Strange Majik

Strange Majik recall classic rock with perfect hindsight on "20/20"

David Pattillo is something of a blues rock cult hero in New York City, but you could likely tell that from looking at him. Replete with hair well-below the shoulders and a flare for late 60s / early 70s fashion, his music under the moniker Strange Majik conjures up classic influences, which when channeled through a contemporary filter, become something else entirely that's wholly (and delightfully) weird. His latest offering 20/20 excels in this mishmash of past and present sounds, a psych-y, funky odyssey that reads like an alternate history Summer of Love wherein the public found out every batshit conspiracy theory of the time turned out to be true (as opposed to being declassified years later). And while Pattillo’s craft is in a five decade long tradition, his songwriting is very much of-the-times, which makes for an engaging cognitive dissonance — hearing Strange Majik groove under lyrics describing the breakbeat pace of modern living (“World On Fire”) and the surveillance state (“Whistleblower”) feels inherently anachronistic, a prediction of things yet to come hidden in dusty forgotten vinyl. Moreover, this combination of a modern worldview, a carefully curated mix of genera, and Pattillo's strange bent succeeds in making a rock and roll record that feels truly contemporary, a task that's no small feat these days. Play it loud, below. —Connor Beckett McInerney, photo by Ky DiGregorio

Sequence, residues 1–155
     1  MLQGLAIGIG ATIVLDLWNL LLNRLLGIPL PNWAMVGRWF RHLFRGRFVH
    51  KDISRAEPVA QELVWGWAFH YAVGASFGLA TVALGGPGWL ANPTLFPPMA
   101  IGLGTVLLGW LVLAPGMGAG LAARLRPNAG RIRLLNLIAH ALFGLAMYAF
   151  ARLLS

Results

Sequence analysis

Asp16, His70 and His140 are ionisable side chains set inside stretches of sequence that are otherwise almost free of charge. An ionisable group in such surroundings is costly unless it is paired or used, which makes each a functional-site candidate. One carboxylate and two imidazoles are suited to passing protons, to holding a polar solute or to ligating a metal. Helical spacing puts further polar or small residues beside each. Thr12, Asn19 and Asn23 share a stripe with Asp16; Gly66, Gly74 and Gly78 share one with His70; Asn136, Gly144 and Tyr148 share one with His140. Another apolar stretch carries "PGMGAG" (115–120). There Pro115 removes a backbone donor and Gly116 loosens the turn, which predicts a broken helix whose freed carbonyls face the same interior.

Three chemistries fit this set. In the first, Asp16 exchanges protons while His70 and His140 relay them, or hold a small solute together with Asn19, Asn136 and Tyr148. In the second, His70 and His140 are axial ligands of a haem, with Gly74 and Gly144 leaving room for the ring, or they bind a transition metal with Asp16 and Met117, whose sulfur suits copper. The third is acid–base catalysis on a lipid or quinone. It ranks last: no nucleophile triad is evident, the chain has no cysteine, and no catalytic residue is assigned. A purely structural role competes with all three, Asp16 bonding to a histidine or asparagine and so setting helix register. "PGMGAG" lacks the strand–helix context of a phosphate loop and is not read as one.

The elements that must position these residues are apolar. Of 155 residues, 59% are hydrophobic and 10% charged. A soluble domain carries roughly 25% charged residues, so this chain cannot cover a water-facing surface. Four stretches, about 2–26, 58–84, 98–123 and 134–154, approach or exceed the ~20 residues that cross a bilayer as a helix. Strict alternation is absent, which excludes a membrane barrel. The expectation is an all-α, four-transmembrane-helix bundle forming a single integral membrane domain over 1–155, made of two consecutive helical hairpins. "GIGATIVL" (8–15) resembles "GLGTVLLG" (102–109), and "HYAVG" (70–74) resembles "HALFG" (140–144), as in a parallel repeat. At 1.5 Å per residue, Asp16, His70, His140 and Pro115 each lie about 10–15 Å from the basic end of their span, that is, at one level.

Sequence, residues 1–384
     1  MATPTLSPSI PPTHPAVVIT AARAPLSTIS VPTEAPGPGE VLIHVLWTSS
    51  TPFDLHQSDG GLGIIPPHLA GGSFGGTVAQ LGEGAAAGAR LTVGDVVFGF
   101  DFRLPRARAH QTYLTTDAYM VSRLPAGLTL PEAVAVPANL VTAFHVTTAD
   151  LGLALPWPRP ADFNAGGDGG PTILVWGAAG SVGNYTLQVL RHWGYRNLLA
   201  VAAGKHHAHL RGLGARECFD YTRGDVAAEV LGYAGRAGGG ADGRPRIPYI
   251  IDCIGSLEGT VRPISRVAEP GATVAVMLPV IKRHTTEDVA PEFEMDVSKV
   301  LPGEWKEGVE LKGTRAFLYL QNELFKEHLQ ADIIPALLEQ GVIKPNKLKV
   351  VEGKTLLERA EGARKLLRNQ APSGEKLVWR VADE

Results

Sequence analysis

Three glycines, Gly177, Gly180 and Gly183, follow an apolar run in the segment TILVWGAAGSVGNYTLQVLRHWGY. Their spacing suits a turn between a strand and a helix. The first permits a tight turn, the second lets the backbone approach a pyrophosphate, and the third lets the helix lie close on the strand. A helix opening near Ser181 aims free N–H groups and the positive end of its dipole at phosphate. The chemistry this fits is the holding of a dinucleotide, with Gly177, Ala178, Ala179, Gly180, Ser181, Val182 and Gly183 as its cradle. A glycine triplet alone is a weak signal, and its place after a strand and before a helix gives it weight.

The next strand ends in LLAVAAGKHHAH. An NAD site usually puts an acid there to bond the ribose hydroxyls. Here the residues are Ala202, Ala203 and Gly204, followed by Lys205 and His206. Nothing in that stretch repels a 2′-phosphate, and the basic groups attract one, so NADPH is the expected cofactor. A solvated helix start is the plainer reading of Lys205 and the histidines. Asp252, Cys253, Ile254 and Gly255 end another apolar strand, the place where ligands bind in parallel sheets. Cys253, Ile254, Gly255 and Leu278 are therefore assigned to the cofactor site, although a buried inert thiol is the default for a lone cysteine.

Strange Majik’s music is vibrant, acidic rock and roll, plays Coney Island Baby 2.20

New York’s Strange Majik had no intention of reinventing the wheel on last year’s Channel T, an acidic tour de force of vintage rock and roll. The record has its fair share of winks and nods to the titans of yesteryear, primarily Jagger and Hendrix, never straying into territory we’d define as “experimental” by contemporary standards. That being said, Strange Majik’s intentional decision to hone their guitar chops and produce something very AM radio appropriate is part of the reason Channel T is the kickass album it is. There are no bells and whistles, no indie gimmicks that have become increasingly common as a means of cutting through the noise; it’s just impeccable, classic musicianship from start to finish.

Strange Majik will bring their classic sound to Coney Island Baby on February 20th, supporting Kelley Swindall and Revel In Dimes. Stream Channel T below. -Connor Beckett McInerney (@b_ck_tt), Photo by Sam Watson